by Jolin Tsai
Released by Warner Music Taiwan on September 14, 2012
If you were disappointed with Jolin Tsai’s (蔡依林) last album, maybe Muse will be your chance to get back into all that Jolin-jamming again.
It has been two years since the Mandopop diva, dance queen, and trendsetter has released an album. Her last 2010 album Myself, although positively received by many Mandopop lovers, landed at only number 4 on Taiwan’s list of best-selling albums of the year, and was also one of Jolin’s lowest-selling albums in recent years.
However, Jolin’s new artistically-flavored album, Muse–which was released a day before Jolin’s 32nd birthday–may be able to bring back all the sales that were lost in Myself.
Like its namesake, Muse houses many tracks that are influenced by the elements of art, poetry, and dance. In fact, the album literally showcases this theme in the lead single “The Great Artist” <大藝術家>, a very chic, danceable, and appropriate track to start off with in this artistic journey.
Nothing else in the album got me as pumped up as the second track, “Dr. Jolin,” arguably one of the catchiest numbers in the entire album. In all honesty, “Dr. Jolin” is, at the moment, the only Jolin song I would be willing to listen on repeat and not get annoyed by it. The music video for “Dr. Jolin” is also worth noting – the MV is a brilliant social commentary on gender stereotypes, featuring men dancing on heels and a pregnant man.
Jolin’s homage to the gay community does not stop with “Dr. Jolin”. The album’s third track, the Europop-influenced “Fantasy” <迷幻>, is now the new LGBT club anthem. Jolin’s statement on supporting same-sex love is clearly displayed in the colorful, majestic, and utopian-like MV of “Fantasy”.
Another song worth noting is “Friday the 13th” <十三號星期舞> – a typical, bubblegum pop song. I admit it – bubblegum pop is a guilty pleasure of mine! And while “Friday the 13th” does fulfill that pleasure, it is nonetheless a very inconsistent song. As I listen to the song, I felt as if two songs are meshed in together. Halfway through the song, the soft beats turn into a harsh dubstep-esque style. The song sounds as if it is unsure what mood to strike.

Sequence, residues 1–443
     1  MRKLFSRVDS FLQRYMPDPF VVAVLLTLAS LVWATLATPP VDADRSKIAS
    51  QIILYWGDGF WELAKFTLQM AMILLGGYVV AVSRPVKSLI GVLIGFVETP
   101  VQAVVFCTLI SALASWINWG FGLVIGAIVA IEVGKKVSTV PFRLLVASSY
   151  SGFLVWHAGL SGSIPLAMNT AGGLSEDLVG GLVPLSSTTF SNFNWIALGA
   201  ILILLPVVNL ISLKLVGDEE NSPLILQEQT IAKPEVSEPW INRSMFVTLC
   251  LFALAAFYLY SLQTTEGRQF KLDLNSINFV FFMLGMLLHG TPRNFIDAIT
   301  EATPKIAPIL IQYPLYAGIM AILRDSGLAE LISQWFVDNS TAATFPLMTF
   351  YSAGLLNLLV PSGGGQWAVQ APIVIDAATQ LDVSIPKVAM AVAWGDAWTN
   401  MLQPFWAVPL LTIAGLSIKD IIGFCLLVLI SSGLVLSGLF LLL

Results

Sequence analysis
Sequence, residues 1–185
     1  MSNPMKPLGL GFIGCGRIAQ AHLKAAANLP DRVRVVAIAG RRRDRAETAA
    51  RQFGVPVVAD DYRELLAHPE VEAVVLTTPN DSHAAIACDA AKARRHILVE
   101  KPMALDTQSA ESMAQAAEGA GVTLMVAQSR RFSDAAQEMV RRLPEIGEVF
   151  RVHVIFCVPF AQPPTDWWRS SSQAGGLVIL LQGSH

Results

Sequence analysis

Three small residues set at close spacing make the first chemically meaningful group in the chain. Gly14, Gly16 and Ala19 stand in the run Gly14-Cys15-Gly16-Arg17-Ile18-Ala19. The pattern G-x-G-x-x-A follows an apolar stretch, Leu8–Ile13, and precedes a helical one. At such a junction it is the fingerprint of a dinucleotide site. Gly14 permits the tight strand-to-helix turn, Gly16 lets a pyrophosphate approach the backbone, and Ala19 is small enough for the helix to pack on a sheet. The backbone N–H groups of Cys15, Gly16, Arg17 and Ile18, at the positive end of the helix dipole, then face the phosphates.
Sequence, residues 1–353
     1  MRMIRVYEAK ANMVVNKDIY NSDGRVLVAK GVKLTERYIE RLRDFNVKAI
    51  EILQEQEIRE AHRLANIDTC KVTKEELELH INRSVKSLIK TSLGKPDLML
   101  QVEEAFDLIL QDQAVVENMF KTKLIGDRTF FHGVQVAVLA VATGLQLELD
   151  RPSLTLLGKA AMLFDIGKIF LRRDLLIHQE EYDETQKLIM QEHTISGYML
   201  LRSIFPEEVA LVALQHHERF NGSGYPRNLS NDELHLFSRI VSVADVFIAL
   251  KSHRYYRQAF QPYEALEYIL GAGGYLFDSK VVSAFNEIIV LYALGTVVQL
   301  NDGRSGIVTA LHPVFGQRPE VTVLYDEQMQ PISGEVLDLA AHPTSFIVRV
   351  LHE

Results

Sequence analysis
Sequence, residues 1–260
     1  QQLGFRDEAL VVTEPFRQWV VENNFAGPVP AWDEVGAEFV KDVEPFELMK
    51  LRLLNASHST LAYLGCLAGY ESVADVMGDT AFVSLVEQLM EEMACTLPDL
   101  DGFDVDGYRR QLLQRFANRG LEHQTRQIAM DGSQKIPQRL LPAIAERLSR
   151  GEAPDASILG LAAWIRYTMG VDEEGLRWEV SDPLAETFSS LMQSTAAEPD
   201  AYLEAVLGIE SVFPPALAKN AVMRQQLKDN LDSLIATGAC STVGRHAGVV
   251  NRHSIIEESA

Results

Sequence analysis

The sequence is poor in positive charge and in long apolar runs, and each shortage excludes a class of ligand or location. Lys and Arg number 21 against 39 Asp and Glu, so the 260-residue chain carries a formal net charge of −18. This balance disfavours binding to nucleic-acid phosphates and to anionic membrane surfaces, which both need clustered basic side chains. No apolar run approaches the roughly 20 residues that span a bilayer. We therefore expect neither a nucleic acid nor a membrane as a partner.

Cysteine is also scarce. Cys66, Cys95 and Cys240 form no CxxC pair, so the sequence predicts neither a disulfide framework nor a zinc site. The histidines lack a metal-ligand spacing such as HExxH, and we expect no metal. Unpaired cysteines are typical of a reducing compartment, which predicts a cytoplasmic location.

The last interesting song in the album would probably be “Spying On You Behind the Fence” <柵欄間隙偷窺你>, a bouncy and quirky song that utilizes acoustic melodies.
The latter half of the album mainly consists of ballads. Very typical, Jolin-ish ballads. I really have nothing to comment on them, other than the fact that I am already forgetting how they sound like.
Overall, the first half of Jolin’s album is very experimental and exciting; the second half of the album is what I would call the “Jolin Safe Zone” – an area that may not be able to attract new fans, but old fans of Jolin would definitely appreciate it.
“The Great Artist”
“Spying You Behind the Fence”
This review is written by Addy for JayneStars.com.
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